Every day we need reliable ways of measuring length, weight and time. For most of human history these were based on creatively improvised local standards, such as the ancient Chinese connection between length and musical pitch. This book, by the philosopher who writes a regular Physics World column, tells little-known stories behind the world’s diverse measures and shows how they were gradually consolidated into a universal system, and how scientists are creating the first absolute system based on physical constants.
Strong as Death is Love
The Song of Songs, Ruth, Esther, Jonah, and Daniel
As distant in time from the Pentateuch of Moses as Updike is from Shakespeare, these later books of the Old Testament are innovative and entertaining works of literature, in which women are often centre stage. The Song of Songs is a sensuous celebration of young love, Queen Esther’s shrewd triumph is a sly sexual comedy, while the story of Ruth celebrates loyalty, charity and love. Robert Alter’s award-winning translation from the Hebrew captures all their freshness and immediacy.
Guide to Britain's Working Past
The impact of the industrial revolution on Britain is unmistakable in the form of bridges, factories, railways and canals, but evidence of industry goes back further to mills, mines and forges of the medieval period. This regional guide to key industrial sites around Britain includes the most significant transport and industrial museums as well as factories, potteries, mills and mines. Entries include information on location, admission prices and opening hours.
Mad Mary Lamb
Lunacy and Murder in Literary London
One night in 1796, Mary Lamb killed her mother. Confined in various madhouses, she discovered a gift for writing, collaborating on the bestselling Tales from Shakespeare with her essayist brother Charles. This authoritative biography tells a story of madness, forgiveness and the redemptive power of the written word.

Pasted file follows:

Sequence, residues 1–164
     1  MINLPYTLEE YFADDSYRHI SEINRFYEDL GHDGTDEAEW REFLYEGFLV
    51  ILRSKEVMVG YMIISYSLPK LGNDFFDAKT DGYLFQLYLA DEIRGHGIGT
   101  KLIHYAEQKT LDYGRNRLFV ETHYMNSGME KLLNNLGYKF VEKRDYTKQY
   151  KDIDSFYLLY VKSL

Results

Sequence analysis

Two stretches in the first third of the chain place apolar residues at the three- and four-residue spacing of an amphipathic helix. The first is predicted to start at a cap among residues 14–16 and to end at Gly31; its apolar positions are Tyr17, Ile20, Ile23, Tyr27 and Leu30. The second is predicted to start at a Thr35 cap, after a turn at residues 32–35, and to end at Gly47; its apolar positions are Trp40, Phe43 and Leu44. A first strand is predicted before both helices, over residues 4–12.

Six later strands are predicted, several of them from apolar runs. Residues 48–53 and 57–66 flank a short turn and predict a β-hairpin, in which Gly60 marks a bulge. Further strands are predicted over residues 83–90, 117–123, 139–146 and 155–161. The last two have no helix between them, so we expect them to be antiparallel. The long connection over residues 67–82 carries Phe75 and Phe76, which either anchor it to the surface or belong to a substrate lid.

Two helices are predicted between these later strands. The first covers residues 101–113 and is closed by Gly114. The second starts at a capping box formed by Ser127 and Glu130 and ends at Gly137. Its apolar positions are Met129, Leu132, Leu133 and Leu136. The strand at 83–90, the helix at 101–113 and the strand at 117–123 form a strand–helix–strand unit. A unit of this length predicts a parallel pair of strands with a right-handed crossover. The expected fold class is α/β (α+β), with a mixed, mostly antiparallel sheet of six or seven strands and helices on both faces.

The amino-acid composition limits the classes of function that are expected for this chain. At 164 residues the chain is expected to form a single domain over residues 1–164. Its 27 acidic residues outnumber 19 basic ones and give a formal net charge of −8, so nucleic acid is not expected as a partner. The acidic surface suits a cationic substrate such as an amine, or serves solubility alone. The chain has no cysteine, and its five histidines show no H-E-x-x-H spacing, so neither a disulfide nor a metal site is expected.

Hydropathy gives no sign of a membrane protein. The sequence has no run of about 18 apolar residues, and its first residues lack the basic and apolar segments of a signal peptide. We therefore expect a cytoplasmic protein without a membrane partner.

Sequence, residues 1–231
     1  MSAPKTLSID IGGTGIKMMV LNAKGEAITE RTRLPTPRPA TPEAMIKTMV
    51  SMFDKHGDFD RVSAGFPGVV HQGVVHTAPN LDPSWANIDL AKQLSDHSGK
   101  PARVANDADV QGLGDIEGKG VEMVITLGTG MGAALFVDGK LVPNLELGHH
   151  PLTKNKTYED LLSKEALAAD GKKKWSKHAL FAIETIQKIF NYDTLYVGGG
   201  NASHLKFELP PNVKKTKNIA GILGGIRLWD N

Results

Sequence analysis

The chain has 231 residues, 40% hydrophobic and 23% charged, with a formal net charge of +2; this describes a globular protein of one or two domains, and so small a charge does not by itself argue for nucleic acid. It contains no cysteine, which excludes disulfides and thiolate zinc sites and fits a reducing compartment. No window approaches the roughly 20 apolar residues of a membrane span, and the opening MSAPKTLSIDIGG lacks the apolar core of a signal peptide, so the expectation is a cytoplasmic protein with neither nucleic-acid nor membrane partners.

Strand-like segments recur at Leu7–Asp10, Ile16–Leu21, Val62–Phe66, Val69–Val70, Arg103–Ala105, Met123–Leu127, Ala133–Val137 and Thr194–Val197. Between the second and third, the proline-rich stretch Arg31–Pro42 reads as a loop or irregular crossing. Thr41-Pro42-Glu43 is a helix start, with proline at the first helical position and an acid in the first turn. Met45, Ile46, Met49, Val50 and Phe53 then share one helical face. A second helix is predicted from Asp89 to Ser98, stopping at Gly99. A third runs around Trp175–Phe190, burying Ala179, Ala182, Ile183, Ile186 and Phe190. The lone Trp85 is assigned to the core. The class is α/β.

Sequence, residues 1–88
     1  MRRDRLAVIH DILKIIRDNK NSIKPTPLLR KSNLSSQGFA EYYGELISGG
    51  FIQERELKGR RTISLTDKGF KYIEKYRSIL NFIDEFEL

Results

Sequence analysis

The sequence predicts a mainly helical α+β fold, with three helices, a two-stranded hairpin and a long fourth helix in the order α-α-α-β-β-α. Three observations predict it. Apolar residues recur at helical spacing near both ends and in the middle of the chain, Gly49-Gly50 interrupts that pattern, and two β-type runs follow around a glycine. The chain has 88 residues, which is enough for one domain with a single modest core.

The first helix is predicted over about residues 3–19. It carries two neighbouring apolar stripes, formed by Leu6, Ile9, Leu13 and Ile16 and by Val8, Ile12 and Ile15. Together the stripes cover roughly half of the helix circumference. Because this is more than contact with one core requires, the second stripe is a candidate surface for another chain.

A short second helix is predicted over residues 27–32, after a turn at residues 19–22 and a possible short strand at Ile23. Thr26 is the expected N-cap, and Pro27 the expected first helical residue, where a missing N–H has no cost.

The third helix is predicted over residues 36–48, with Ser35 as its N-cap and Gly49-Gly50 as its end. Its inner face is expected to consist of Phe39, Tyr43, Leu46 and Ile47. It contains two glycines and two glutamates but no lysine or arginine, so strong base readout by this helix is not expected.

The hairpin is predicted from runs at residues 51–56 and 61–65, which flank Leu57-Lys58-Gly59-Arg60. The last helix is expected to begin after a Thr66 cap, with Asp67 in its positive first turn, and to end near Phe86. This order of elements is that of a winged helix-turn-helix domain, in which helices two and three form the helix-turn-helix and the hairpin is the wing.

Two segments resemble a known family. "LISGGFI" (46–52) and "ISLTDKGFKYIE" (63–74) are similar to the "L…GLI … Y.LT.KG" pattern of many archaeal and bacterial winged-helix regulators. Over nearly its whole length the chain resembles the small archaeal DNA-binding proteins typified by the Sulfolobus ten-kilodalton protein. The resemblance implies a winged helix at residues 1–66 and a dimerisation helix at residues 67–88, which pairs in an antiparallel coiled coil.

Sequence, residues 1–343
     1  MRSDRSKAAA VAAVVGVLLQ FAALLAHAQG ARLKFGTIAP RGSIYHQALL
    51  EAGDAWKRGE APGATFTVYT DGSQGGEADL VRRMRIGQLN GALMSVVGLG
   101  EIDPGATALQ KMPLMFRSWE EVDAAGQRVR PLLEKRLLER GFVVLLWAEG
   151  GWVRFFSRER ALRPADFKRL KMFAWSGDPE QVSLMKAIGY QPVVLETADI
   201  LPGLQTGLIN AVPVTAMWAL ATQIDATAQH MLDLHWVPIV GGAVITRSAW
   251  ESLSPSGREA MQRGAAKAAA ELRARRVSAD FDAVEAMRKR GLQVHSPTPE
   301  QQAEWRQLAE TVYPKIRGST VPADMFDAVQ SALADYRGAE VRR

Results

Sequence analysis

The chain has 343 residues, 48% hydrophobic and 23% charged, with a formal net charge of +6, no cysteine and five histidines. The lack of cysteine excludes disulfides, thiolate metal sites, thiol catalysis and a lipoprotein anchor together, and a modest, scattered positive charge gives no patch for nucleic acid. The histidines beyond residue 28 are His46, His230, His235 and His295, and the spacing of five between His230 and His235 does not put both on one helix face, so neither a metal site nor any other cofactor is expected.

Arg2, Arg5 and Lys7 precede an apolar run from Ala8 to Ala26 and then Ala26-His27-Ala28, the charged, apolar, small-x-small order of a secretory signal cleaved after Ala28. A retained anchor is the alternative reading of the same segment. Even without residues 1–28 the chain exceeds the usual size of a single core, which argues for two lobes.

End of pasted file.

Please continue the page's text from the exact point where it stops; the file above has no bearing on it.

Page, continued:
Henry VIII, James IV and the Battle for Renaissance Britain
The decisive battle at Flodden Field in 1513 marked the climax of the personal and political tension between England’s Henry VIII and his brother-in-law James IV of Scotland. This book traces the origins and escalation of their rivalry, with analysis of the political and military manoeuvres leading up to Flodden. It ends with an account of the battle itself, which saw the first artillery exchange on a British battlefield, and an assessment of James’s level of responsibility for Scotland’s defeat.
His Life, Thought, and Work
Marlon Brando (1924–2004) is remembered for his charismatic screen presence, rugged good looks and rebellious stance. Drawing on unpublished documents, letters, the actor's own library and interviews with friends and colleagues, this major biography presents a very different portrait of the fascinating private man: a civil-rights activist and intellectual who collected 4,000 books, rewrote scripts to sharpen his dialogue, loved the poetry of Emily Dickinson, and embraced other cultures and let them shape both his politics and his art.
Flight from the Reich
Refugee Jews, 1933–1946
Six million European Jews were murdered during the Holocaust, but three million managed to escape death by fleeing, hiding or simply enduring. From victims of the early discriminations to perilous escapes during the height of the persecution and the resettlement of concentration camp survivors, this book pieces together official documents and personal accounts to examine the experience of Jewish refugees forced to flee to neighbouring countries, to Palestine, to America and ultimately to all over the world.
Paris to the Past
Traveling Through French History by Train
This characterful guide takes the reader on a journey through French history via 25 train outings from Paris. An expedition to the great Gothic cathedrals of Reims and Chartres brings to life the scheming Abbot Suger; a day-trip to the château of Blois evokes the splendours of the Renaissance; and an excursion to Versailles recalls the shining glory of the Sun King. Engaging and informative, the book also features helpful tips on hotels and bistros. American-cut pages.
Known professionally as Yvon, Pierre Yves Petit’s evocative photographs of Paris between the wars were originally printed as postcards. Characterized by unusual viewpoints and cloudy skies, their subjects include rundown alleys, bookstalls and homeless people as well as the city’s grander architecture, sculptures and ordinary workers. Over 60 images are reproduced in this portfolio, with an introduction to his life and career.
The Poems of Jesus Christ
'Consider the lilies of the field, how they grow.' Jesus Christ is the great invisible poet of the world. Embedded in the Gospels are sayings and parables of lyric intensity: austere, vivid and poignant, and rich in garden, nature and animal imagery. Barnstone's translations, excerpted from his Restored New Testament (2009), strip away the trappings of prose to reveal the consummate poetic drama of the Gospel of Jesus in all its wonder and majesty. American-cut pages.